Rachel: Can you please give us your favorite “Life Lesson Quote”? Can you share how that was relevant to you in your life?

Doreen: “Do unto others as you would have them do unto you.” It seems pretty self-explanatory. If you really are able to empathize and put yourself in others’ shoes, life can be a much more rewarding experience.

Rachel: Who do you consider to be your role model for the way in which you have molded your career? What can you share about that person?

Doreen: My answer is actually two people — — my parents. Both of them taught me about life, people, etiquette and what is really important in life. Neither are musicians so they never could share much in that way, but they were huge role models in teaching me how to be kind to others, to be helpful, charitable, thoughtful, and respectful. My list could go on forever. I owe most of who I am as a person to both of them.

Rachel: Where were you in your career 5 years ago? What do you believe has changed in that time frame (personal, with the world, and/or with your profession)?

Doreen: I had just released my debut solo album “MAGIC” a few months earlier and I was riding the great success of that release. I was bicoastal splitting my time on the east coast (NJ/NY) and west coast (LA). Since then, I have really been able to hone in on my greatest strengths as not only a songwriter, but as a performer as well. I have continually tweaked my career to keep it relevant and fresh and crossing over to Off Broadway last year. While being a big risk, it was the best decision I have made professionally so far.

Rachel: We always hear about the best advice we have been given. Tell our readers the worst advice you ever received.

Doreen: The most important thing to remember for anyone in the arts is that there will ALWAYS be people who have opinions and ultimately want to offer them to you as fact. One of the best things to learn early on is to get people on your team whose advice and opinions mean something. You don’t want to surround yourself with “yes men”, but you definitely want people who have your best interest in mind. Authenticity has been a big thing from me in my career. I cultivated a brand and image early on and I have always kept in line with that as my career has risen. Throughout the years, many “industry professionals” have tried to convince me to sex it up, make my image dirty.. They have that notion that “sex sells” and always want to push the envelope. This infuriates me! When you have true talent, you don’t need that extra crap. Don’t get me wrong: you can be sexy, but there is a fine line between classy and just trashy. The moral of the story is to stay true to who you are and let the talent speak for itself.

Rachel: When you have the time, what do you binge watch?

Doreen: I am not really a big TV person, but I just recently learned about “Stranger Things” on Netflix and I binged both seasons. I was blown away by how well that show is made (especially Season One on a very small budget). As an 80’s baby, I love all the times they “tip their hat” to that decade. I can’t wait for Season Three.

Rachel: Where have you travelled that has given you inspiration personally or professionally?

Doreen: I try to take away things from everywhere I roam. Whether it be Vegas, Miami, LA (three of my top favorite places to escape) or even overseas — as a songwriter and artist, I am always trying to pull in inspiration from everything around me. I am like a little sponge and try to soak up everything I can. Some of my best ideas have come from something I have seen while I was vacationing. I really think that when your mind is able to just rest and cleanse, it is open to receive some of the most profound things.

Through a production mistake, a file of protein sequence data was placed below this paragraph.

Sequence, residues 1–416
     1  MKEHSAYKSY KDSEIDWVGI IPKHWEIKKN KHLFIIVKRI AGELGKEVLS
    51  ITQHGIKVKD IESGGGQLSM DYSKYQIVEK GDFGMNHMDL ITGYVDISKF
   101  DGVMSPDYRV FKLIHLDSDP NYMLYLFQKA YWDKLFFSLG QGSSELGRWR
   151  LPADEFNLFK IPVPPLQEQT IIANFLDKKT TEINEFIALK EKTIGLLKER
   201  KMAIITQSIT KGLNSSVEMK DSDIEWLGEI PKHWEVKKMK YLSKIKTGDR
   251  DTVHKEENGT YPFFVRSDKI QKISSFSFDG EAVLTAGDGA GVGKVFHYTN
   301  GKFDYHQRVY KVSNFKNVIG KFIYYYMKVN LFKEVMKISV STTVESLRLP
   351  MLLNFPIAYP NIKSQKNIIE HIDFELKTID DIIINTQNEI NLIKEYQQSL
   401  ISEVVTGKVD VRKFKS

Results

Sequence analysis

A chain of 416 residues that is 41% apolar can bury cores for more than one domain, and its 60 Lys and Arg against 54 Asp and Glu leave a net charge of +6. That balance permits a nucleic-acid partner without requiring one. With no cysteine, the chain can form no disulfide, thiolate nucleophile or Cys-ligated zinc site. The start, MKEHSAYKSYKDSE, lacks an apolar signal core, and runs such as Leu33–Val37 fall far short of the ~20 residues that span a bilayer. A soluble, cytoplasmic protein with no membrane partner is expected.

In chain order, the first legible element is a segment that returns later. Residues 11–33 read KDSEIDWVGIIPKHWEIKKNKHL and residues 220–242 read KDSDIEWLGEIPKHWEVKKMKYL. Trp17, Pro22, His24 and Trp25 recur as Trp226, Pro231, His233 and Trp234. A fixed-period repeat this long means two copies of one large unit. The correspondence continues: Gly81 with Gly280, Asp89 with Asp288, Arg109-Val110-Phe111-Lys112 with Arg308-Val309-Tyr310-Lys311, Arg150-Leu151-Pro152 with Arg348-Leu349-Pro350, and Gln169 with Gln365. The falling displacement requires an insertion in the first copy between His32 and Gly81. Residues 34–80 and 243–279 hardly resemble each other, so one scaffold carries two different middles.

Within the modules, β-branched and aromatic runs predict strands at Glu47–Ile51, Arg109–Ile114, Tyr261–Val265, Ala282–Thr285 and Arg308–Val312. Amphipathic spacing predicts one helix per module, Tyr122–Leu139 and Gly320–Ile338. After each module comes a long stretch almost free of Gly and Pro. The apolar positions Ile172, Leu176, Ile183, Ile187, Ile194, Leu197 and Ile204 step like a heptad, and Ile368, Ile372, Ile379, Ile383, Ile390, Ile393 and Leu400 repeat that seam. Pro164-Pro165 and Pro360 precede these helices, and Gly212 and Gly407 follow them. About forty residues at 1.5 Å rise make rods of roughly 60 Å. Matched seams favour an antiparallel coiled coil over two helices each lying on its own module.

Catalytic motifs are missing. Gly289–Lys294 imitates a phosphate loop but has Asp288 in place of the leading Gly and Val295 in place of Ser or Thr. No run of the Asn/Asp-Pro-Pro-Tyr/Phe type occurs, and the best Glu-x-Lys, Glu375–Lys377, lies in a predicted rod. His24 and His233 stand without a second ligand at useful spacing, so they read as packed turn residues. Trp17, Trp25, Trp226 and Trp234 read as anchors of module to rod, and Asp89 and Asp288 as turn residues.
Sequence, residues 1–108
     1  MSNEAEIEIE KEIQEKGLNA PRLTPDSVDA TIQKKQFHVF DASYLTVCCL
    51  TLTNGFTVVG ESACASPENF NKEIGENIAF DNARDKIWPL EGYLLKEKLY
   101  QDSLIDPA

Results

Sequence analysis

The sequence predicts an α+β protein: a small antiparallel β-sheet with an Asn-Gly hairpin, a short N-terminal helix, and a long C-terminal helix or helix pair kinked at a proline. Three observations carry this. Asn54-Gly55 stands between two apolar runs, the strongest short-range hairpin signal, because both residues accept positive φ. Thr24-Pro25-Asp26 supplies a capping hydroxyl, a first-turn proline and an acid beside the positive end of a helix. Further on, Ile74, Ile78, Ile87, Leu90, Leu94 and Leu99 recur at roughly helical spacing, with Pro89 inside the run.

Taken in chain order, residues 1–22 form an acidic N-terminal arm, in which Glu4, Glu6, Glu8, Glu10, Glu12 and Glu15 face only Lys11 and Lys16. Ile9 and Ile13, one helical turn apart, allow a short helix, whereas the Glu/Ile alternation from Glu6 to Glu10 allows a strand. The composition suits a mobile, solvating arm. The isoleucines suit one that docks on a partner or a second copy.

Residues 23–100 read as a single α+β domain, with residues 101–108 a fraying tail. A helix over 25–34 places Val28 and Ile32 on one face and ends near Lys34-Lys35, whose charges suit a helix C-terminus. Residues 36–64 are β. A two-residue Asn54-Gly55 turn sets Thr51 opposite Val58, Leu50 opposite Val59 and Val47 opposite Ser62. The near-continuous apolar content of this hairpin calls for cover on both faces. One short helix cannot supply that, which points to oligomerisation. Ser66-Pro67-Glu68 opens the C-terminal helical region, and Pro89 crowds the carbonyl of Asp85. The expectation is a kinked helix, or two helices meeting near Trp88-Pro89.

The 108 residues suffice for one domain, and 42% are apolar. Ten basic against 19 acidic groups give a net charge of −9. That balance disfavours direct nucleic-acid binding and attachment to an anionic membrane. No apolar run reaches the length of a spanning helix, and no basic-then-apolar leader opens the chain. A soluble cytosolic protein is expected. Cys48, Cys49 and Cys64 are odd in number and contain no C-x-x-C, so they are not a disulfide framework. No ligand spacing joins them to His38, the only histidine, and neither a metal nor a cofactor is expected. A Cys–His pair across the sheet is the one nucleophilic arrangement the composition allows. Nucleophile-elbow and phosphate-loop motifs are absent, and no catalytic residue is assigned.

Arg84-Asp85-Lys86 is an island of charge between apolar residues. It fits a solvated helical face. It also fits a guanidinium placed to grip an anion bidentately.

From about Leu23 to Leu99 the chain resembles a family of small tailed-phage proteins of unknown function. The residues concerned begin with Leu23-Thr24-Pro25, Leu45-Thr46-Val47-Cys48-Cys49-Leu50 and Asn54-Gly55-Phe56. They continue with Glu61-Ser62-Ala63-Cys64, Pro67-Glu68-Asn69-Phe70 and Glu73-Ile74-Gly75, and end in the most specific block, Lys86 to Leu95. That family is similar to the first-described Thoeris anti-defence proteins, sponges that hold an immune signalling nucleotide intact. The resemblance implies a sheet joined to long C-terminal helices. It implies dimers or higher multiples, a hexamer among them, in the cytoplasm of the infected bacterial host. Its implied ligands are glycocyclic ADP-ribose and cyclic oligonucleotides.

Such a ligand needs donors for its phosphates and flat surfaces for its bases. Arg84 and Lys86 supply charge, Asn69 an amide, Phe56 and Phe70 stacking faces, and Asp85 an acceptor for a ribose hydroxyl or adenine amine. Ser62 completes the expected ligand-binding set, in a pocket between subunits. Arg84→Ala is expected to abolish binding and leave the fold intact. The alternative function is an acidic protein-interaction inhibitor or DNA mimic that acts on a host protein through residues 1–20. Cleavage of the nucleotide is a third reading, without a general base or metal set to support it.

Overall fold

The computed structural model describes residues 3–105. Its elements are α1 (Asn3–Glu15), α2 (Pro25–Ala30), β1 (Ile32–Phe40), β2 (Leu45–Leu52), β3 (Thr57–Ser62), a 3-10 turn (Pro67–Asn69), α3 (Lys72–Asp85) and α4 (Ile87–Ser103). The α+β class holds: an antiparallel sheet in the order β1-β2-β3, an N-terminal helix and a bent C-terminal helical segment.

Rachel: What would you say we need to know as a society to “move forward”?

Doreen: I honestly have no idea what can make things better. I try to see the good in the world and find beauty even in the ugliest of times. I am not oblivious to the terrible things that are going on each and every day on this planet, but I try to make my difference by paying it forward and bringing recognition to various causes through my music. This might be the song I created for the National Parks or the concerts where I donated all the proceeds to various charities I believe in strongly. Maybe that is what the world needs — people thinking more about others and not just about themselves. We have changed from a society of “we” to a society of “me”. However, there will always be good people out there and we need to always remember that. They may not always get the headlines, but there are wonderful people out there making a difference and that is what we all need to “move forward”.

None of us are able to achieve success without some help along the way. Is there a particular person who you are grateful towards who helped get you to where you are?

Doreen: There are so many people in my life and career that have impacted me in a huge way that I don’t even think I could thank each one adequately. I have been blessed with a wonderful team around me and I am thankful for every one of them. Each plays an integral part in my life and they have become like family to me.

Authority Magazine

Leadership Lessons from Authorities in Business, Film, Sports and Tech. Authority Mag is devoted primarily to sharing interesting feature interviews of people who are authorities in their industry. We use interviews to draw out stories that are both empowering and actionable.

Rachel Dunbar, Ph.D.

Written by

Consultant, World Traveler, Adventure Seeker, Developer of #getapassportandgo Initiative

Authority Magazine

Leadership Lessons from Authorities in Business, Film, Sports and Tech. Authority Mag is devoted primarily to sharing interesting feature interviews of people who are authorities in their industry. We use interviews to draw out stories that are both empowering and actionable.